Many employees had been looking forward to new revisions in the Department of Labor's overtime exemption rule, which was set to take effect on December 1, 2016. These revisions would have doubled the salary requirement for white collar employees who were eligible for overtime pay.
Four million Americans would have been eligible for overtime compensation whenever they worked above and beyond their normal forty-hour work week. However, the revision was blocked by a federal judge in Texas before the rule could take effect; this means that there will be no change to the overtime exemption rule after all.
The Current Overtime Exemption Law
The current overtime exemption law requires that certain white collar employees who are salary employees and make more than $23,660 per year are exempt from earning overtime pay. White collar employees include workers who hold a position that is executive, administrative or professional in nature. Any white collar worker who works more than forty hours in a week and earns less than the set amount in salary compensation is to be paid a rate that is one and a half times as much as the regular pay rate for each hour above and beyond the required forty hours a week. There is also a high-earning employee exemption where high-earning employees must make less than $100,000 dollars annually and perform at least one "qualifying task" in order to be eligible for overtime pay.
What the FLSA Overtime Revision Would Have Meant For Employees
The revision to the overtime exemption law would have raised the salary requirement for white collar workers to $47,476, and to $134,004 for highly-compensated employees, making more employees eligible for overtime compensation. The revision to the rule would have required that the newly identified salary levels be subject to automatic adjustments every three years to compensate for inflation. In fact, the whole purpose of the revision to the overtime exemption law was meant to address the issue of inflation, which has long been overlooked with regard to the exemption law. The blocked revision was meant to help boost workers' wages, and the intended consequence of changing the law was to provide a much-needed jolt to slow-growing incomes in the United States.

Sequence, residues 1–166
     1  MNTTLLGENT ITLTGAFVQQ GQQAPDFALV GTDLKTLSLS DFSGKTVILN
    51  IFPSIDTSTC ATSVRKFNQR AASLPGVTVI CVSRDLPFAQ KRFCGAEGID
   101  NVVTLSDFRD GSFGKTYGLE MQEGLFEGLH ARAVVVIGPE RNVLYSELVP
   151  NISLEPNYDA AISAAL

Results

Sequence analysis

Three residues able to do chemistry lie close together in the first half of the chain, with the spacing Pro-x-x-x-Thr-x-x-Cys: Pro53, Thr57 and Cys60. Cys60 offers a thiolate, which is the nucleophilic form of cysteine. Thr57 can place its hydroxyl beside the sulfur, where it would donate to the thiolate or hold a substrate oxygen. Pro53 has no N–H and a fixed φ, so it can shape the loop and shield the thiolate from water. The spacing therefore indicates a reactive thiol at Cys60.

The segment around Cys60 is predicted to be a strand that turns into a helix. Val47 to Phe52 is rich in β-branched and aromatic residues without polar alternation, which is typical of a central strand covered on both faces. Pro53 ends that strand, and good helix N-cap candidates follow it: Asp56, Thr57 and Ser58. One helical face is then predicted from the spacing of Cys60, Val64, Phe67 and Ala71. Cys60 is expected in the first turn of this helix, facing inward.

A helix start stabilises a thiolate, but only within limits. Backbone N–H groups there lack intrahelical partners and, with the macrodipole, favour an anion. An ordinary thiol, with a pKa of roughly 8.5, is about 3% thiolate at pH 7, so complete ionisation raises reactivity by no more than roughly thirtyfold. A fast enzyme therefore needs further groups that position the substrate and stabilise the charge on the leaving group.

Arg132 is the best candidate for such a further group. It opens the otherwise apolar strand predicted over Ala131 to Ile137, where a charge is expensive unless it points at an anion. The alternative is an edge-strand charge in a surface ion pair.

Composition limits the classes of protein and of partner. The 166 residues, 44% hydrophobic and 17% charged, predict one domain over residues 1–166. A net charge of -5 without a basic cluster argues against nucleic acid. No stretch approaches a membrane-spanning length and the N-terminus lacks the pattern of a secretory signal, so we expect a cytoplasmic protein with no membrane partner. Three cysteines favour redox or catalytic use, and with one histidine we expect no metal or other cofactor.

Federal Judge Blocks Overtime Exemption Rule Revision Days Before Effect
On December 1 2016, circumstances could have become very different for workers across the country with the implementation of the revised law. However, during Thanksgiving week, U.S. District Judge Amos Mazzant III blocked the law revisions from taking effect by issuing a preliminary injunction. The judge issued the injunction amidst concerns that the revision would increase government costs in individual states, increase business salary expenditures, and increase the instances of eventual employee layoffs due to increased costs. This ruling is only preliminary in nature, which means that the revision could possibly be reinstated.
Overtime compensation issues affect many employees in California. If you are concerned that you are not receiving overtime pay, please consult with an experienced California employment attorney at Hennig Ruiz for a free consultation today.